Conditions or ailments that are the cause of a problem that you see - your observation.

Your vet may diagnose

Laminitis, Acute


Laminitis is a common and devastating disease of the feet wherein there is a breakdown of the live cell attachments between the hoof wall and the coffin bone (the laminae). If the laminae are damaged, it allows the bone to move (sink or rotate) within the foot. Laminitis is usually worse in the front feet.

It appears as reluctance to move or severe lameness, with evidence of foot inflammation (usually digital pulse and heat).

Acute laminitis is sudden onset of laminitis, caused by a variety of triggers including carbohydrate (grain) overload, various illnesses, excessive trauma to the feet and chronic overload of a weight bearing limb (in the case of a severe lameness on the opposite limb.)

Consider that acute laminitis refers to the first days of the process. Thereafter, the condition is considered chronic.

The key is to prevent laminitis if possible. If this is not possible then at least your vet must recognize it and treat it early. Recognize how common laminitis is and be on the lookout for it. Know that failure to properly diagnose and treat laminitis can quickly be the end of a horse. This is why you involve your vet early in the disease process.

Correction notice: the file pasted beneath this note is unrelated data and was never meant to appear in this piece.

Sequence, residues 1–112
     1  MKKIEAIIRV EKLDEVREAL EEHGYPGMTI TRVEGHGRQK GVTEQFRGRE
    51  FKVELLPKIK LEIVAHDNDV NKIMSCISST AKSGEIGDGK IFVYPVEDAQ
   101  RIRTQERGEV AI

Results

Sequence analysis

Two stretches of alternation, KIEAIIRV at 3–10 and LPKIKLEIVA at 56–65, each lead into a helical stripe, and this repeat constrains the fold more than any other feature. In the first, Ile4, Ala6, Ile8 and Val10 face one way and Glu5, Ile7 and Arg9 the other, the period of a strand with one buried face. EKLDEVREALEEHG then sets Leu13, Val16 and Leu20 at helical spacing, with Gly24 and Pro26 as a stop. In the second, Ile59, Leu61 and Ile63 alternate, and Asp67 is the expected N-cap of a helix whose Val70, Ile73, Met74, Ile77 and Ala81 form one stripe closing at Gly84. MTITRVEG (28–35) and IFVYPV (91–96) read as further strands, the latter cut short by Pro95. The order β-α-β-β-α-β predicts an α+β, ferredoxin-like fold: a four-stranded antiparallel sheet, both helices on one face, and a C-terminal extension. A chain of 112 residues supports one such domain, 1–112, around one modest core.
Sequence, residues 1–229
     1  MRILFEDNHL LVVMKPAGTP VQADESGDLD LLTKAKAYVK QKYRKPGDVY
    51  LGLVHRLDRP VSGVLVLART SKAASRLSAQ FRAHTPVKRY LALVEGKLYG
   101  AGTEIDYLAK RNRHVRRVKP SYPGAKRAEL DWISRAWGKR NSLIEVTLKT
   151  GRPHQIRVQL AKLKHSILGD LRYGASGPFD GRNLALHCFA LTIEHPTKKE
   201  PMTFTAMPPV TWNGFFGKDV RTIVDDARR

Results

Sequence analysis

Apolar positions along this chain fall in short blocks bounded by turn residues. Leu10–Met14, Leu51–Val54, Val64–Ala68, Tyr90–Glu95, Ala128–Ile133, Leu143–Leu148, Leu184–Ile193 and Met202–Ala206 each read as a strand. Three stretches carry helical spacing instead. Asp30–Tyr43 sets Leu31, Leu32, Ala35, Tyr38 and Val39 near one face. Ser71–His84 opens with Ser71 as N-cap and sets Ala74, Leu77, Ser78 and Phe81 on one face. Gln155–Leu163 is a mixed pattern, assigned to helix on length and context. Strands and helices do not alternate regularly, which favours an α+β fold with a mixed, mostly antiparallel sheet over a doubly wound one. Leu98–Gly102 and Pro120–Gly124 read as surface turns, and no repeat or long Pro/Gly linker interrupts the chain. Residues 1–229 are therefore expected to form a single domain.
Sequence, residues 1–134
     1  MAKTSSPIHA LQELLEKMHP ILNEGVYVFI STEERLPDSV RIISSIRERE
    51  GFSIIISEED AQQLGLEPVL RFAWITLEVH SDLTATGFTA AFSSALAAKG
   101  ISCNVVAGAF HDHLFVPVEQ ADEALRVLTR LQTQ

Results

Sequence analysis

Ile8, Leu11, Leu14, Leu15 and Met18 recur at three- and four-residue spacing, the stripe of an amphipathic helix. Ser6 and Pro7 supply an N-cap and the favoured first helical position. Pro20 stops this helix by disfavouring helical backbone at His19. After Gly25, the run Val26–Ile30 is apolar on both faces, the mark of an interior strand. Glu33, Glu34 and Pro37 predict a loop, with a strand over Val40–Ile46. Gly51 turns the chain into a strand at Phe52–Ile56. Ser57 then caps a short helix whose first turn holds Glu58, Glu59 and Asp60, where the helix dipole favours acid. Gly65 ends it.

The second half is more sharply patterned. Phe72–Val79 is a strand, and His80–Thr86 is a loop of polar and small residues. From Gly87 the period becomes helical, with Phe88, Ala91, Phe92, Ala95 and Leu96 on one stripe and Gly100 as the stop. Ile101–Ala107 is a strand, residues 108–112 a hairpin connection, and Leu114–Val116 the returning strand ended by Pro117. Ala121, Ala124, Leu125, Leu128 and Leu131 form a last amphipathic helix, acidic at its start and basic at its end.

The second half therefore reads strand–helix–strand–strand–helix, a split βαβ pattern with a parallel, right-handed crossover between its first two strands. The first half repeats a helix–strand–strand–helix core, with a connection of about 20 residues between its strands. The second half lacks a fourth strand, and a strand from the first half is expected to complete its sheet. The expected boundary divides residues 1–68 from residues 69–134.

my vet's role


Treatments May Include

These treatments might be used to help resolve or improve this condition.

Very Common
Less Common
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The prognosis for horses with laminitis is always guarded. It can be very difficult to predict response to treatment. The potential for recurrence is also always present.

Prognosis depends on many factors including underlying cause, systemic health of the horse, degree of rotation of the coffin bone, and rate of change in position of the coffin bone.

my role


I might observe

You might make these observations when a horse has this condition.

Very Common
Less Common
more observations

Questions To Ask Your Vet:
  • What caused this to happen?
  • How severe is the problem in my horse?
  • How much rotation is present based on the radiographs?
  • What are the available treatments?
  • What is the prognosis for the horse for what I want to do?
  • What management plan will I need to implement to ensure my horse does not have recurrence or progression?

Avoid grain overload scenarios. Keep horses a modest weight and avoid obesity. Recognize signs of EMS and PPID to avoid their worst consequence, laminitis. If there is a question as to whether a horse has endocrine disease, have your vet do the necessary testing and discuss a management plan.

Author: Doug Thal DVM Dipl. ABVP